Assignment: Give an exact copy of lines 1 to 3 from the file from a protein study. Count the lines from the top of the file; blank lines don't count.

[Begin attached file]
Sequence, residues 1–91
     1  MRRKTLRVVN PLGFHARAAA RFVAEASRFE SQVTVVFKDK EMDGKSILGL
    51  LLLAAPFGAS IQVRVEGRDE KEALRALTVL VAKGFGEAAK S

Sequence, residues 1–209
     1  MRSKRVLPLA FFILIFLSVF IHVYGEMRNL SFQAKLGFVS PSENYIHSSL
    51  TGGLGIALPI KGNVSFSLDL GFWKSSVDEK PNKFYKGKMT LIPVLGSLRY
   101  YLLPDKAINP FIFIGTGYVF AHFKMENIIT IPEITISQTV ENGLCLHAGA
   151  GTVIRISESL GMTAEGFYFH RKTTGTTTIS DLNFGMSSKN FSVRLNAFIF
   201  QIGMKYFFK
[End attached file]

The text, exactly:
Sequence, residues 1–91
     1  MRRKTLRVVN PLGFHARAAA RFVAEASRFE SQVTVVFKDK EMDGKSILGL
    51  LLLAAPFGAS IQVRVEGRDE KEALRALTVL VAKGFGEAAK S